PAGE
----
Starting Aug. 1, Lafayette’s Leopard Alerts, a proven messaging system used to share important safety information, will require users to make sure their cellphone numbers are up to date on Banner. 

Users receive Leopard Alerts via email, text, and, for faculty and staff, on their assigned computers. While subscribers can opt out of receiving Leopard Alerts messages via text messages, it’s strongly recommended that users still add a cellphone into Banner regardless of the options chosen to stay informed and help ensure their safety and the safety of others on campus in the event of an emergency. 

John O’Keefe, vice president and chief information officer, sat down recently to discuss the value of Leopard Alerts and the importance of using the system to its fullest advantage.

Why are staff and faculty being encouraged to supply their cellphone numbers in addition to their email addresses?

While we do have all Lafayette email addresses enrolled in the Leopard Alerts system, it is good to have multiple channels of communication in the event of a fast-moving emergency situation. So every layer, from college-issued computers to desk phones to email and text, helps ensure everyone has the information they need to stay safe.

What are the benefits of Leopard Alerts?

Leopard Alerts is the primary means to let members of our community know vital information in the event of an emergency. Getting that information quickly and reliably can save lives and make a difference in the outcome of any critical situation.

On average, how many Leopard Alerts messages are issued annually?

It really depends on the year, but generally speaking no more than a dozen or so, mostly related to power outages and weather events.

How long has Lafayette had its Leopard Alerts system?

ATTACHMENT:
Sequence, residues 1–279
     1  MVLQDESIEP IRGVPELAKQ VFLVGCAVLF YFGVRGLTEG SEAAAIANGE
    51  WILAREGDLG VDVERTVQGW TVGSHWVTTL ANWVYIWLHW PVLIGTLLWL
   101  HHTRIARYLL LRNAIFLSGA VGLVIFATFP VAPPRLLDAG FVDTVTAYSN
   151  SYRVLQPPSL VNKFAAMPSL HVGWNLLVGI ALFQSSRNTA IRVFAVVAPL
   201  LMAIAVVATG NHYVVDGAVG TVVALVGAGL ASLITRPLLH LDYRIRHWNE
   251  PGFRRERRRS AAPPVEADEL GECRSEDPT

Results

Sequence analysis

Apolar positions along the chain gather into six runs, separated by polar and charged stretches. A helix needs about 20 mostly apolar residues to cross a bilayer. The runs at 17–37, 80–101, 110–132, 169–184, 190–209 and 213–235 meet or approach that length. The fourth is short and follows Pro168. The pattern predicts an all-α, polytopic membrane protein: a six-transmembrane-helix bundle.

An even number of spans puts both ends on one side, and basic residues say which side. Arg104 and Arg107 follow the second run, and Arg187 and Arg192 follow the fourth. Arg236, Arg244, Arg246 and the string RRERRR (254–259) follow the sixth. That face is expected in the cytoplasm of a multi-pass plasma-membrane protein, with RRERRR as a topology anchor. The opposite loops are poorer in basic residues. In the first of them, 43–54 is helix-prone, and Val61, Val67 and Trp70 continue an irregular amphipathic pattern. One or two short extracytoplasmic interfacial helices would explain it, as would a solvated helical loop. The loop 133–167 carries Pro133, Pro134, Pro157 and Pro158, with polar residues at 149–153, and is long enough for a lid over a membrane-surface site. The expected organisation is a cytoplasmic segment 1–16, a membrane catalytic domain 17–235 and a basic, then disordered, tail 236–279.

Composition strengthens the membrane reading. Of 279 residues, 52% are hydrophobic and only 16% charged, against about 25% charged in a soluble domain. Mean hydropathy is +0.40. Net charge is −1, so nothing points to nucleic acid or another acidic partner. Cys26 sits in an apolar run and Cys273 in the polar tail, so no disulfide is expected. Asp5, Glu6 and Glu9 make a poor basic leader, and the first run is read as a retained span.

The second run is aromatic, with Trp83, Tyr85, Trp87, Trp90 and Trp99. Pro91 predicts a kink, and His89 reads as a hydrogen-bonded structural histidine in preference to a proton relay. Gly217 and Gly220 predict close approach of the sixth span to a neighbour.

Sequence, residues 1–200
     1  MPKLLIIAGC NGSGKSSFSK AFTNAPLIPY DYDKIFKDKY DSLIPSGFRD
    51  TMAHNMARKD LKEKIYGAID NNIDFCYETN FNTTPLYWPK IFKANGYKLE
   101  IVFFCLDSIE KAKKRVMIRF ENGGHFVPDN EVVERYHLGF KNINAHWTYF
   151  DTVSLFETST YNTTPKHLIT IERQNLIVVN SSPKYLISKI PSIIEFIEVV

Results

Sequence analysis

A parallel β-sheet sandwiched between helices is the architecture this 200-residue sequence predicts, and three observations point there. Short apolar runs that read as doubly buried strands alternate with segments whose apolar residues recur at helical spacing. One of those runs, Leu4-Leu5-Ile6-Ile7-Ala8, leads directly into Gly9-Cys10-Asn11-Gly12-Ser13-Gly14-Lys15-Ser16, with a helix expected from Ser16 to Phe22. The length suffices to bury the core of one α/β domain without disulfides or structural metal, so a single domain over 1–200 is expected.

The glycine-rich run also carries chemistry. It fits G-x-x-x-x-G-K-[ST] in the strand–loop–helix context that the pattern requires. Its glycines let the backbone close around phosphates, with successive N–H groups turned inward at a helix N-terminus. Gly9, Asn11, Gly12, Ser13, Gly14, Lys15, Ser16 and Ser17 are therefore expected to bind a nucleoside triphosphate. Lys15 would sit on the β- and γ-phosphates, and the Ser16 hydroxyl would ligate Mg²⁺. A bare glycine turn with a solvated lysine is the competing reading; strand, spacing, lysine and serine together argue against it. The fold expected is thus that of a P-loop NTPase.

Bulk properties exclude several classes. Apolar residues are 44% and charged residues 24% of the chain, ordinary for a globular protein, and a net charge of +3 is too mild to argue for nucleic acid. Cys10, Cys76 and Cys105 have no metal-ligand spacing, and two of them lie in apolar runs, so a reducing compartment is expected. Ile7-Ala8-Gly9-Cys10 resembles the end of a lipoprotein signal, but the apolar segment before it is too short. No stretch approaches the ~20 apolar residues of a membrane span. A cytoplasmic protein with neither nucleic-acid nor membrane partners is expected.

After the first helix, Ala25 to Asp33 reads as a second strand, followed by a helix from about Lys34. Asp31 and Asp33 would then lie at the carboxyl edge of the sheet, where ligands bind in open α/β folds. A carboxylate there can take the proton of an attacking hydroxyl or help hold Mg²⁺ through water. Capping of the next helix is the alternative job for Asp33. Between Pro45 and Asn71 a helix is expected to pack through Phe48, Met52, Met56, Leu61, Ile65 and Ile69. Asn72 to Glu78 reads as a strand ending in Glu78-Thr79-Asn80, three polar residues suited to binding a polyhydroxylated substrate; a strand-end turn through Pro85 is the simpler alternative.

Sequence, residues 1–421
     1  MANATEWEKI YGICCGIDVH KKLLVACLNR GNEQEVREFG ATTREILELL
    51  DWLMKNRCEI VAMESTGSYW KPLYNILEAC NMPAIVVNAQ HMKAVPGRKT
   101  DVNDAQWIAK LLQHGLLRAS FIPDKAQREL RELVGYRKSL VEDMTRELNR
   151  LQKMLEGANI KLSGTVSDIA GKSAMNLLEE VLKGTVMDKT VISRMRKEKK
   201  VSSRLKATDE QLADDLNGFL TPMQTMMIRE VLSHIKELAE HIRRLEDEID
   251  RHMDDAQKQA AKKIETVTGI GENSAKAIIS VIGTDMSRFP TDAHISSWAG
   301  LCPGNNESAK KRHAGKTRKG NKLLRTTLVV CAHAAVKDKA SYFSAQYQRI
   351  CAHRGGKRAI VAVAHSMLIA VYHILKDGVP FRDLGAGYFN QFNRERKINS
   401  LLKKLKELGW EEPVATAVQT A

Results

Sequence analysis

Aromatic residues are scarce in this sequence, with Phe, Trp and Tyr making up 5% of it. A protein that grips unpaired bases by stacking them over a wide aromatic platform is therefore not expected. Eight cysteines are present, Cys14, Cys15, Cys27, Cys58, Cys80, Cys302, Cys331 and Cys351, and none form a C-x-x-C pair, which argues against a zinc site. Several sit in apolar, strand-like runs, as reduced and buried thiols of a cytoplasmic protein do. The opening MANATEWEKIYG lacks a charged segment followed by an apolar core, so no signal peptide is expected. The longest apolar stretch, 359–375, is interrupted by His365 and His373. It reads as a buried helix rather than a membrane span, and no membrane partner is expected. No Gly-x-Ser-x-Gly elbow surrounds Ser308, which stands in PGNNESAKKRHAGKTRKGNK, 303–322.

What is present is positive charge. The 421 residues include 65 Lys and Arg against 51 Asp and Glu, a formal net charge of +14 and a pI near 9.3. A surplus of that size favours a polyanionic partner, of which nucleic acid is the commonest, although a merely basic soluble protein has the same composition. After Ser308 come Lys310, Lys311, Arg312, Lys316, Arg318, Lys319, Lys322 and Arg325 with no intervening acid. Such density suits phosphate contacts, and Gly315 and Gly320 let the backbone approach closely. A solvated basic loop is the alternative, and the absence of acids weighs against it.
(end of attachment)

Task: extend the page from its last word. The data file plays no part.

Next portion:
Leopard Alerts has been around since the early 2010s, and has been a critical component to our emergency response strategy over the years.

What types of events activate the system?

I’ve seen anything from tornado warnings to a bear spotted on campus. Of course, power outages have come up quite a bit over the years as well. On a very rare occasion, we have used the system to alert the community to active police activity near campus.

Are text messages the fastest way to receive Leopard Alerts?

Text messages are by far the fastest way to get alerts. While we do have other means to reach members of the community, none are faster than a text alert.

Will cellphone numbers entered into Banner be kept confidential?

Yes. Cellphone numbers recorded in Banner are only accessible to individuals or systems that require the information in order for official College business. They will not be shared with anyone outside the College.

What if I don’t have a cellphone?

For members of the Lafayette community, college-issued email addresses are automatically enrolled in the system. If you do not have a Lafayette email address nor a cellphone, you can enroll your personal email address.